Sustainability analysis of biopharmaceuticals manufacturing

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Lalor, Fergal
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University College Cork
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The production of biopharmaceutical treatments is increasing globally at a rapid pace, leading to the treatment of more and more disorders, many of which historically were untreatable and debilitating. This increase in production poses sustainability concerns, with economic unsustainability from erratic returns on investment, societal concerns around treatment cost and access, and a dearth of published research on pathways to environmentally sustainable production methods. Recombinant protein production by perfusion cell culture under stainless-steel and single-use technologies was investigated using life cycle assessment (LCA) to determine the impact on environmental factors. The ReCiPe for LCA method was utilised, and the single-use scenario was found to result in 40% impacts than stainless-steel alternative across all production volumes. Factors influencing the difference in environmental impacts include infrastructural variables, such as the electricity source to the facility, and process variables, such as the interval between ultrafiltration/diafiltration batches. The feasibility of environmentally sustainable manufacturing processes were investigated, with novel technologies such as water-for-injection (WFI) production by reverse osmosis, the use of biologically-sourced polymeric materials for single-use items and the benefits of increased containment using single-use equipment on cleanroom maintenance evaluated. The results of this analysis indicate reductions in environmental impacts across both single-use and stainless-steel scenarios of 60%, but with further research required to fully understand the process impacts resulting from adopting these technologies. A multiple-criteria decision-making framework was developed to evaluate the economic, environmental and social sustainability of biopharmaceutical manufacturing processes under varying value orientations, enabling the comparison of treatments produced under different modalities. This framework may be utilised to assess treatments for regulatory approval and governmental reimbursement in a holistic manner, as opposed to a reductionist economic standpoint. Further research is required to account for greater complexities in the biopharmaceutical industrial system such as feedback loops between various stakeholders and to provide and document indices from existing processes to be used for evaluation of prospective treatments.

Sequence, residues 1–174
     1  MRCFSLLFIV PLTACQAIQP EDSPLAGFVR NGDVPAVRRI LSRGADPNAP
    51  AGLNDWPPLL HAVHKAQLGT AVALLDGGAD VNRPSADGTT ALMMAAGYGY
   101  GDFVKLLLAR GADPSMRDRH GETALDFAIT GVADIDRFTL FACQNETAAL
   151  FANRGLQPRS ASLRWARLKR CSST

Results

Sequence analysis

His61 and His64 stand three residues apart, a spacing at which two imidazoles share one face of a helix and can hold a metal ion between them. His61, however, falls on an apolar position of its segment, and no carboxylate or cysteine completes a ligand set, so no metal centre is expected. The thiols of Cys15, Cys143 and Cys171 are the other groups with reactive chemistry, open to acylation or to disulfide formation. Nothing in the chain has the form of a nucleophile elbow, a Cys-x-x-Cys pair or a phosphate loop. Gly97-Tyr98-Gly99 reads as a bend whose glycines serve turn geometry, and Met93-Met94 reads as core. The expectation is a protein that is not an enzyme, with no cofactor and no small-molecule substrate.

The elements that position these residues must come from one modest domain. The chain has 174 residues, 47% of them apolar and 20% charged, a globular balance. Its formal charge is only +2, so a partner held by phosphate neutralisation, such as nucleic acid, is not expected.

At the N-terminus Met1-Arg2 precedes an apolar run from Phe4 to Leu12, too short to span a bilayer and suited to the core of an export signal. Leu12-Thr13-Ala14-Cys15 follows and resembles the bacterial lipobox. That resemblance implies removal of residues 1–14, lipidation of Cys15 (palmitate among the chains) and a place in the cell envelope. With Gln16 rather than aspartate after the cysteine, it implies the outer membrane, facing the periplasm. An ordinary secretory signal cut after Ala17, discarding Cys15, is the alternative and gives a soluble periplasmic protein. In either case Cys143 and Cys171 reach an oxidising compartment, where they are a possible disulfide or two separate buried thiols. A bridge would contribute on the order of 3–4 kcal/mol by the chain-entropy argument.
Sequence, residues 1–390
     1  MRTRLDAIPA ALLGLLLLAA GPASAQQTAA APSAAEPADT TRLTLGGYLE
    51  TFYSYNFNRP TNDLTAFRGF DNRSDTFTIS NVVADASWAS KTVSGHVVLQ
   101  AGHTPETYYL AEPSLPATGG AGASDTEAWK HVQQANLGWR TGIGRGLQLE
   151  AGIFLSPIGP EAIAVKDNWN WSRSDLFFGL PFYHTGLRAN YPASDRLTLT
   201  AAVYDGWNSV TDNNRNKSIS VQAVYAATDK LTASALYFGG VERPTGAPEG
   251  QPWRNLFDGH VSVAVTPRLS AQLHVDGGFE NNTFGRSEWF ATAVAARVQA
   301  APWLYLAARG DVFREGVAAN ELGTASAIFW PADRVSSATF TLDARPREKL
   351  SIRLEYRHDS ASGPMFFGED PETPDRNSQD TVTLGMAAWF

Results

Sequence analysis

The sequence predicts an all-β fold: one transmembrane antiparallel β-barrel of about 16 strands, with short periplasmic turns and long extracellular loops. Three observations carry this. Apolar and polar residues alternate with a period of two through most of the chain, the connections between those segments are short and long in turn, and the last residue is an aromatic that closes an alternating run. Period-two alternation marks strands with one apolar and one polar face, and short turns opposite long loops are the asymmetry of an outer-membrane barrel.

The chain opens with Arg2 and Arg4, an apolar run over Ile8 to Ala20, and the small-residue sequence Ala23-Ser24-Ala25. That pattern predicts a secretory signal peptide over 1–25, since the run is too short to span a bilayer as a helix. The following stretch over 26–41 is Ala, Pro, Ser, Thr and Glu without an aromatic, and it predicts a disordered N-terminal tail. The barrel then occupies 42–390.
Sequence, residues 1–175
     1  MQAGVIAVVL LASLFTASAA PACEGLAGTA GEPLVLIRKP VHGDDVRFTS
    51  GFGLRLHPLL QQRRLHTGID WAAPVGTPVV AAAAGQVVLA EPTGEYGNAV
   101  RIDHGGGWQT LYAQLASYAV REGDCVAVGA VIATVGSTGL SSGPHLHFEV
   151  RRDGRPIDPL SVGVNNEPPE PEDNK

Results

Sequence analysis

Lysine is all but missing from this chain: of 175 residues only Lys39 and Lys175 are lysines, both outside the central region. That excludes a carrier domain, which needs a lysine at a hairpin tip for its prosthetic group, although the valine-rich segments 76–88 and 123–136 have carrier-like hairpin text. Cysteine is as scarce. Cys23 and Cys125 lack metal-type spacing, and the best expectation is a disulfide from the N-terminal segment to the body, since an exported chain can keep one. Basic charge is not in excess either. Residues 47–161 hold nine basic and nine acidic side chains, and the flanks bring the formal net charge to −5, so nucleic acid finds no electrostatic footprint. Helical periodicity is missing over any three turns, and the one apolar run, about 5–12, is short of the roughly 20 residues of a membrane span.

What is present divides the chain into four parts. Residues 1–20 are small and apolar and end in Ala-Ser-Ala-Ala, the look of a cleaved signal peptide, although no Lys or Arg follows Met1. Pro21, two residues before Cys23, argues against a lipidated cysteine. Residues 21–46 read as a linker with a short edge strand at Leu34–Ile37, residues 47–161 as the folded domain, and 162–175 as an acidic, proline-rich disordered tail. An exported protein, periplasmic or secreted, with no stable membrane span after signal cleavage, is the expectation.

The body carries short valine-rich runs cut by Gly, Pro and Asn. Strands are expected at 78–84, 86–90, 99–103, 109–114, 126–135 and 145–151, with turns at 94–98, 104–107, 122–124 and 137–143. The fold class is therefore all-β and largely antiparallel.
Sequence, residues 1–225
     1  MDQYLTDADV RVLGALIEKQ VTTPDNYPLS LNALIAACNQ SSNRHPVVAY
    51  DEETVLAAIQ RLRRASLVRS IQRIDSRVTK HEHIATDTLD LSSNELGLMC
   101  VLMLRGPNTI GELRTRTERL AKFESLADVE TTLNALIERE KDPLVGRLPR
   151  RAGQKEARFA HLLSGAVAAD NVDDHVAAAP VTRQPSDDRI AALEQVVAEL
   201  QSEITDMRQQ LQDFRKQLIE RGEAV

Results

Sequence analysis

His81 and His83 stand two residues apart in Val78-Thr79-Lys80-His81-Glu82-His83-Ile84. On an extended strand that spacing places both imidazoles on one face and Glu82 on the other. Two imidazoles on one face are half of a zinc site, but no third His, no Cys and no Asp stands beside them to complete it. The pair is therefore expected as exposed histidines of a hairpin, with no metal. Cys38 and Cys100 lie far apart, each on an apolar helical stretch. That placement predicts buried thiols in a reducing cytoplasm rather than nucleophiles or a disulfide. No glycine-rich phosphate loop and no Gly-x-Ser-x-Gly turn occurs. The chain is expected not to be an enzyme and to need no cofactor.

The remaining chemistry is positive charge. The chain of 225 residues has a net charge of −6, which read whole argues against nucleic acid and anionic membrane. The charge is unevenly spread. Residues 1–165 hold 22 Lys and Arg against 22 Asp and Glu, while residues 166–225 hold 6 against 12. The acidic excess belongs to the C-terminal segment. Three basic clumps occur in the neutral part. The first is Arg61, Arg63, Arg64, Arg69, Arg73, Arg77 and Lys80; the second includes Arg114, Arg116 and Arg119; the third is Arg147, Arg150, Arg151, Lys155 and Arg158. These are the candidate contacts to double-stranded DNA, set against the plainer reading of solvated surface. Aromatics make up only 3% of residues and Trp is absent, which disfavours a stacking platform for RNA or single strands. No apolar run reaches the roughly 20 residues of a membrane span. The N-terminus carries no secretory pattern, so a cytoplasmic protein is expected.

Sustainability , Process engineering
Lalor, F. M. 2020. Sustainability analysis of biopharmaceuticals manufacturing. PhD Thesis, University College Cork.
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